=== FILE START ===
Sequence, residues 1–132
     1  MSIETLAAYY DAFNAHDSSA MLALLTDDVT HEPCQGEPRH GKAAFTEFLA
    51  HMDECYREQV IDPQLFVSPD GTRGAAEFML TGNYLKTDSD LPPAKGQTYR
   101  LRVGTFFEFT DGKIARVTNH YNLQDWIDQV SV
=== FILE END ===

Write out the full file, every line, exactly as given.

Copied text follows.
Sequence, residues 1–132
     1  MSIETLAAYY DAFNAHDSSA MLALLTDDVT HEPCQGEPRH GKAAFTEFLA
    51  HMDECYREQV IDPQLFVSPD GTRGAAEFML TGNYLKTDSD LPPAKGQTYR
   101  LRVGTFFEFT DGKIARVTNH YNLQDWIDQV SV